Psychotic security guards figure heavily in this week’s Improbable Research podcast.
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This week, Marc Abrahams tells about:
- Psychotic security guards. (Silva, J. A., G. B. Leong, and R. Weinstock (1993). ‘The Psychotic Patient as Security Guard.’ Journal of Forensic Sciences 38 (6): 1436–40.)
- Extracting the wrong tooth. (“The Case of the Wrong Tooth,” Laurance Jerrold and Mary Romeo, American Journal of Orthodontics and Dentofacial Orthopedics, vol. 100, no. 4, October 1991, pp. 376–81. / “Ethics Case Analysis: The Extraction of the Wrong Tooth,” Gary Chiodo, Susan Tolle, and Laurance Jerrold, American Journal of Orthodontics and Dentofacial Orthopedics, vol. 114, no. 6, 1998, pp. 721–3. / “Effectiveness of an Educational Program in Reducing the Incidence of Wrong-Site Tooth Extraction,” Hao-Hueng Chang, Jang-Jaer Lee, Shih-Jung Cheng, Puo-Jen Yang, Liang-Jiunn Hahn, Ying-Shiung Kuo, Wan-Hong Lan, and Sang-Heng Kok, Oral Surgery, Oral Medicine, Oral Pathology, Oral Radiology, and Endodontology, vol. 98, no. 3, 2004, pp. 288–94. / “Wrong Tooth Extraction: Root Cause Analysis,” Oren Peleg, Navot Givot, Tali Halamish-Shani, and Shlomo Taicher, Quintessence International, vol. 41, no. 10, November–December 2010, pp. 869–72. / “Experience of Wrong-Site Tooth Extraction Among Nigerian Dentists,” Wasiu L. Adeyemo, Olabisi H. Oderinu, Akanbi C.O. Olojede, Azeez A. Fashina., and Adeshina O.S. Ayodele, Saudi Dental Journal, vol. 23, no. 3, 2011, pp.153–6.)
- Journeys of toothbrushes. (“The Swallowing of a Full-Sized Toothbrush: Report of a Case from the Los Angeles General Hospital,” C.A. Johnson, California and Western Medicine, vol. 26, no. 2, 1927, pp. 210. / “Toothbrush Swallowing,” Allan D. Kirk, Bert A. Bowers, Joseph A. Moylan, and William C. Meyers, Archives of Surgery, vol. 123, 1988, pp. 382–4. / “Inadvertent Swallowing of Toothbrush,” Dinesh Lal, New Zealand Medical Journal, vol. 123, no. 1321, 2010, pp. 69–70.)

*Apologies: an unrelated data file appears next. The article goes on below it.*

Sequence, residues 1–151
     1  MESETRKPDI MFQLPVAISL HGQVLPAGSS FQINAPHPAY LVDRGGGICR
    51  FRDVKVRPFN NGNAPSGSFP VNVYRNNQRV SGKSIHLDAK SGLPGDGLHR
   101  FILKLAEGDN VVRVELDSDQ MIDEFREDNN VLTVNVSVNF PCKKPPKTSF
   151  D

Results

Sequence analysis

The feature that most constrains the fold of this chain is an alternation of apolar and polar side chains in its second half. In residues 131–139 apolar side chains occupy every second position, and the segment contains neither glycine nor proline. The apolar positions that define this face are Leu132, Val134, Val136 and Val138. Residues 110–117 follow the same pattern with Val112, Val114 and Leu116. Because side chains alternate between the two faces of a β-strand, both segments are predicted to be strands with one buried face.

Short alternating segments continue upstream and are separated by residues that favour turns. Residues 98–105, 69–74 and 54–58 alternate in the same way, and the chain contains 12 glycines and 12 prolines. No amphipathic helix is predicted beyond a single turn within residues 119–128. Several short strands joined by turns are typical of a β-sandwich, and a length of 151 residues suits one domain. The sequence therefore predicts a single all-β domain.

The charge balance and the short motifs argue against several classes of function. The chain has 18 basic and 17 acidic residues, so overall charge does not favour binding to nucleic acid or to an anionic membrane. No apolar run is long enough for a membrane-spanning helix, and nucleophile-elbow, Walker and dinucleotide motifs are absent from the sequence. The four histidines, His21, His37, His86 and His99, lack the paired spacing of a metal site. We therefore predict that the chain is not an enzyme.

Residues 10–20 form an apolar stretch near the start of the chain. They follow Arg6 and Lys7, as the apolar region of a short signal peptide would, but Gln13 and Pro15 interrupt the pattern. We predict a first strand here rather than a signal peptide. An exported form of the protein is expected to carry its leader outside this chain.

- Gravely mistaken. (Kelso, William M. (2006). Jamestown – The Buried Truth. Charlottesville: University of Virginia Press.)
- Improbable medical review. (“The Tooth Fairy and Malpractice,” Sian Ludman, Hamid Daya, Polly S. Richards, and Adam Fox, BMJ, 2012, p. 345. / “The Odor Emitted From Dental Floss Used on Flossed and Non-Flossed Teeth for a One Week Time Period,” F.J. Ceravolo and A. Baumhammers, Periodontal Abstracts, vol. 21, no. 4, Winter 1973, pp. 155–8. / “Toothpick Perforation of a Colon Diverticulum: An Adjunct Autopsy Finding,” Glenn W. Wilcher, Medicine, Science and the Law, vol. 50, no. 3, July 2010, pp. 156–8. / “An Adventurous Habit of Bottle-Cap Opening Resulting in an Endodontic-Periodontal Lesion: A Case Report,” Deepa Ponnaiyan, K. Mahalinga Bhat, and G. Subraya Bhat, Quintessence International, vol. 40, no. 6, June 2009, pp. 449–51. / “Elevation of One Eye During Tooth Brushing,” Irene Gottlob, Sunila Jain, and Elizabeth C. Engle, American Journal of Ophthalmology, vol. 134, no. 3, September 2002, pp. 459–60. / “Extraction of a Grossly Decayed Tooth Without Local Anesthesia but with Audio Analgesia: A Case Report,” Manish Bhagania and Anirudha Agnihotry, Music and Medicine, vol. 3 no. 4, October 2011, pp. NP1–3.)
- The Ham Sandwich Theorem. (Byrnes, Graham, Grant Cairns, and Barry Jessup (2001). ‘Leftovers from the Ham Sandwich Theorem.’ American Mathematical Monthly 108 (3): 246–49. / Beyer, W. A., and Andrew Zardecki (2004). ‘The Early History of the Ham Sandwich Theorem.’ American Mathematical Monthly 111 (1): 58–61.)
- Improbable sex. (“Effects of Coitus on Nasal Temperature,” N.D. Fabricant, Fertility and Sterility, vol. 11, March 1960, pp. 195–19. / “Feelings of Regret Following Uncommitted Sexual Encounters in Canadian University Students,” Maryanne L. Fisher, Kerry Worth, Justin R. Garcia, and Tami Meredith, Culture, Health and Sexuality, vol. 14, no. 1, 2012, pp. 45-57. / “Postcoital Visual Loss Due to Valsalva Retinopathy,” Michaels, Luke, Naing Latt Tint, and Philip Alexander, BMJ Case Reports, epub October 23, 2014.)
Featuring dramatic readings by psychologist Jean Berko Gleason.
The mysterious John Schedler did the sound engineering this week.
The podcast is all about research that makes people LAUGH, then THINK — research about anything and everything, from everywhere —research that’s good or bad, important or trivial, valuable or worthless. CBS distributes it, both on the new CBS Play.it web site, and on iTunes.